Tuesday, November 20, 2007

With thanksgiving...

I made an interesting discovery last week. When I think of things I’m thankful for, I think of the things of earth first. Relationships. Things I own. Comforts I enjoy. Here and now stuff.

It’s only upon further reflection that I get to the things of heaven. That struck me as odd – almost wrong. I know that we should be thankful for the physical blessings God gives us. It would most definitely be wrong to be ungrateful for food and shelter and sunshine and rain. But are those the most important things, the things I should think of first when counting blessings?

I’m not sure what to think. I have more questions than I have answers. And the questions I have are a bit unsettling. Try these on for size.

Does my tendency to rejoice first in the material say something about the quality of my relationship with God?

Would I thank God less if I had fewer worldly possessions?

Am I so earthly-minded that I’m of no heavenly good?

I don’t have any answers. I know that God’s grace is sufficient for me. I know I have salvation and that I can’t earn God’s mercy by right thinking or right acting or right talking. Salvation is by faith in Jesus. That’s true for me. It’s true for you. Everyone who believes is saved.

So I’m not talking about salvation here, I’m just wondering out loud if I’m a little off-kilter. Going with the flow is so easy. Thinking like the world thinks. Forgetting God.

I don’t want to drift. I can’t conform to the world and be joy-filled. Only in seeking God’s good, perfect and pleasing will can I find peace.

Thinking about this thankfulness issue this week, my mind turned to Philippians 4:6-7: “Do not be anxious about anything, but in everything, by prayer and petition, with thanksgiving, present your requests to God. And the peace of God, which transcends all understanding, will guard your hearts and your minds in Christ Jesus.” (NIV)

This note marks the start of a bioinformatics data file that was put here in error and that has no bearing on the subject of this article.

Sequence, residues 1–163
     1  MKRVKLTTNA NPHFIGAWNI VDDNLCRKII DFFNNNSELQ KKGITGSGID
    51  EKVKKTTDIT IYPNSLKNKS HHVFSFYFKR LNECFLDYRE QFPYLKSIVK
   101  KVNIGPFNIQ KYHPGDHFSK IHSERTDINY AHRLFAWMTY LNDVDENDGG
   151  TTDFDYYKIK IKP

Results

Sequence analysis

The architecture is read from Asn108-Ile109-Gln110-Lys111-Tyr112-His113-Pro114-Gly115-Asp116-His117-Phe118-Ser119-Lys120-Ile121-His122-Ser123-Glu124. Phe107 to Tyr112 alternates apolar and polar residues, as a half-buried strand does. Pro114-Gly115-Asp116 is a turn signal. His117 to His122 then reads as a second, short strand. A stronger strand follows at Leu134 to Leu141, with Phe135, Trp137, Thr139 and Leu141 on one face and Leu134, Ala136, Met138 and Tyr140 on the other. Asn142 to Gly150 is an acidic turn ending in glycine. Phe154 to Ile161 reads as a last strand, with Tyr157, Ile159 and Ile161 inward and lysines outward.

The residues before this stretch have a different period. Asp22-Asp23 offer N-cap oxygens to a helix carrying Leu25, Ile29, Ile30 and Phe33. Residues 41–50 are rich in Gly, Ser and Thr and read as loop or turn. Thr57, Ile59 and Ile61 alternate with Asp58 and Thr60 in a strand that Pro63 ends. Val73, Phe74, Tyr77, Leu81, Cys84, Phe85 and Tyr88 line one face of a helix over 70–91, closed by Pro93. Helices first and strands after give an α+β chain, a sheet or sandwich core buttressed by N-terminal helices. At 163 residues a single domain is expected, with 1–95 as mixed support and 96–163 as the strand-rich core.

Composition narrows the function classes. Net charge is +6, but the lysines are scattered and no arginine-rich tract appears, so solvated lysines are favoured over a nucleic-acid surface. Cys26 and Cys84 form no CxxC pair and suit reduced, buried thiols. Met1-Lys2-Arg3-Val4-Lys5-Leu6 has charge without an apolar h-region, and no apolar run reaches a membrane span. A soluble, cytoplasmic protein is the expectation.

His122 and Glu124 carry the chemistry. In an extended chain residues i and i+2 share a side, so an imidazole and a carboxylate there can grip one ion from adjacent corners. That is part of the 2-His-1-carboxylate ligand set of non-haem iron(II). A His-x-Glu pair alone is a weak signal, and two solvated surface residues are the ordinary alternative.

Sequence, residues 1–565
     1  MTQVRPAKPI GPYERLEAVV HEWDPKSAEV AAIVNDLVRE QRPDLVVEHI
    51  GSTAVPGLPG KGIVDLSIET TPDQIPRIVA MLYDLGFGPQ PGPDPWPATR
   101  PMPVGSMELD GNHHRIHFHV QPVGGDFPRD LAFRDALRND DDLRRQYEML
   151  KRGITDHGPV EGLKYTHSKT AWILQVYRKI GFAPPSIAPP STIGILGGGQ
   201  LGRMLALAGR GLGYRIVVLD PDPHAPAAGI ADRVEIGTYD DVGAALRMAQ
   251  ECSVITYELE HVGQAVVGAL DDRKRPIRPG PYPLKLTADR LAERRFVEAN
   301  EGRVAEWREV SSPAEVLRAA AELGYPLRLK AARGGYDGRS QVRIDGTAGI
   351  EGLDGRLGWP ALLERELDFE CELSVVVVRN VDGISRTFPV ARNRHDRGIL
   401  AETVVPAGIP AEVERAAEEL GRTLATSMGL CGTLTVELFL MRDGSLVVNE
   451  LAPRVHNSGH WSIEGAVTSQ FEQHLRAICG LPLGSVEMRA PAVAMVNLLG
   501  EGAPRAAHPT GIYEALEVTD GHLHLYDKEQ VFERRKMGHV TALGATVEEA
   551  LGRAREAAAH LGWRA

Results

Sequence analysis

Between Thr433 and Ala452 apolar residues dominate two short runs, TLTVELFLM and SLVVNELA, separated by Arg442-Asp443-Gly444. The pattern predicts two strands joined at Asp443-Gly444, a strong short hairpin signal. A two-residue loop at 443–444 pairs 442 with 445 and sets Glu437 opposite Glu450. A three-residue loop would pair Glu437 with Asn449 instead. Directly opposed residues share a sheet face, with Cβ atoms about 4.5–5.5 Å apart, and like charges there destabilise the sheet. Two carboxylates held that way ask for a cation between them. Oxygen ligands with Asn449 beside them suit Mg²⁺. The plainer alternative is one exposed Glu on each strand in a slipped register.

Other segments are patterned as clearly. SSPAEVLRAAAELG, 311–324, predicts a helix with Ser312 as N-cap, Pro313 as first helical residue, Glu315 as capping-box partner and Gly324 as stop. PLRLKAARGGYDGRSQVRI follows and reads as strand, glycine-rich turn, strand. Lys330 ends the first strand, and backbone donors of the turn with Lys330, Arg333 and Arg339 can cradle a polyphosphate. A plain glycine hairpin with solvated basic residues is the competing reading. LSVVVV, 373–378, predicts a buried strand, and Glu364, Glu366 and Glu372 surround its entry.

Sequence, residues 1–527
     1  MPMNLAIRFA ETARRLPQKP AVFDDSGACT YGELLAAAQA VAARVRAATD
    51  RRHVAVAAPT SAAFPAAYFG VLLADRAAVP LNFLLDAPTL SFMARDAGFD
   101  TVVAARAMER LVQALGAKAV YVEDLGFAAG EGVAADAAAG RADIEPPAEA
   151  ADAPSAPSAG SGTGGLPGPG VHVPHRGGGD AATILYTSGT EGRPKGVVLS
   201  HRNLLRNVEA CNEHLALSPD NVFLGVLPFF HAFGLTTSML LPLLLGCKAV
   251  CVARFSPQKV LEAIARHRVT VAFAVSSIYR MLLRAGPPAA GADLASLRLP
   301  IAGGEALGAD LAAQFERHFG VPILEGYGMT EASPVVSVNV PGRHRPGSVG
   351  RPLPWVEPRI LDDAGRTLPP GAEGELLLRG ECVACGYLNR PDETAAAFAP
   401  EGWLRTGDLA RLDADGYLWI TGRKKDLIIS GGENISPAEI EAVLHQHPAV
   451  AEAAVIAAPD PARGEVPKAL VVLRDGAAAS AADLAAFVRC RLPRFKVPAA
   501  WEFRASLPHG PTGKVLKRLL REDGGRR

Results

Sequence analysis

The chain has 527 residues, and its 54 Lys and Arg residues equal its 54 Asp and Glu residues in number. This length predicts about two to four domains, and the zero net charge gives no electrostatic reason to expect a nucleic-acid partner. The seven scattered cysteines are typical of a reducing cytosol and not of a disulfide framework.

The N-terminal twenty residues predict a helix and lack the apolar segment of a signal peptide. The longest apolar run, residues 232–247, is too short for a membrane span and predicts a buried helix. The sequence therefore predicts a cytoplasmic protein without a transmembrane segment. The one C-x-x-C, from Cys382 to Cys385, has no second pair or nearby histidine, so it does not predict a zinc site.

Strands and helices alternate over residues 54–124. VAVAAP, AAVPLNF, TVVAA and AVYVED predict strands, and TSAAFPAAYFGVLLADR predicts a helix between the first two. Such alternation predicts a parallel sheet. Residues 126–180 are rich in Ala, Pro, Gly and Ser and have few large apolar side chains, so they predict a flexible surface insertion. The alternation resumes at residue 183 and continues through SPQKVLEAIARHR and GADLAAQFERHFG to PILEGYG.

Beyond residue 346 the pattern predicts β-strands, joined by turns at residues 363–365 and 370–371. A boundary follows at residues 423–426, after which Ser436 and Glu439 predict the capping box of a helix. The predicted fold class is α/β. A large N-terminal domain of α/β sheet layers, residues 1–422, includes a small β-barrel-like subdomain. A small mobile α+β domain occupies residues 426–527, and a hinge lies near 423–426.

“Do not be anxious about anything.” How many of you are obeying that command? Are you dealing with fears and worries properly? Are you remembering to take them to God and ask for his help in resisting the devil’s schemes?

Peter tells you to do just what Paul is saying here. Hear God speaking to you. “Cast all your anxiety on [God], because he cares for you.” (1 Peter 5:7, NIV)

Peter and Paul are together on this. God gave them both the same message.

Why? So that every believer would not be anxious. So that every believer would go to God with their fears. When we are fearful, God wants us to pray. We’re to pray about whatever is troubling us.

Notice that Paul says, “…in everything…present your requests to God.” And do it “with thanksgiving.”

Thanksgiving is, if we get it right, God-focused. It remembers God’s goodness in the past. It trusts God’s goodness now. It trusts even when it looks like God’s walked away, even when fear threatens to undo us. Remember, this thanksgiving is accompanying prayers offered from an otherwise anxious heart.

“Do not be anxious about anything, but in everything, by prayer and petition, with thanksgiving, present your requests to God.”

What difficulty are you facing right now? Don’t worry about it. Take it to God. Make your requests known to him. Give thanks to him.

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Friday, November 2, 2007

Thursday, November 1, 2007

Are you ready?

Watch video...

This video (hope you watched it) brings back a lot of memories for me. It reminds me of end-times films I watched as a kid. I can still see the flickering images on the church’s rickety three-legged Da-Lite screen. I can hear the whirring and clacking of the run down Eiki projector. My heart still races when I bring to mind the story of a condemned Christian holding onto his faith as he stepped up to the guillotine.

I wondered then, I wonder now, could I be so brave? My emotions get all mixed up when I chew on this dilemma for any length of time. Fear. Passion. Sorrow. Joy.

I know in my head that God would give the strength I’d need to face a martyr’s end. My heart just lags a bit behind, reluctant to embrace the thought of my demise.

Violent death. Painful torture. Cruelty.

Would I fair as well as I want to when faced with these now seemingly awful fates?

I prayed about that this week, talked with my Father in heaven. Almost immediately, my eyes just closed, Jesus’ words came to mind.

“I tell you, my friends, do not be afraid of those who kill the body and after that can do no more. But I will show you whom you should fear: Fear him who, after the killing of the body, has power to throw you into hell. Yes, I tell you, fear him.” (Luke 12:4-5, NIV)

Those words brought me back to reality. What’s best is not what’s here. What’s best is what’s to come. And so I chose again to follow the one who “after the killing of the body” – to state it more positively” – has the power to” deliver me safe into heaven. That’s who I’ll fear. That’s who I’ll follow – to the death if need be.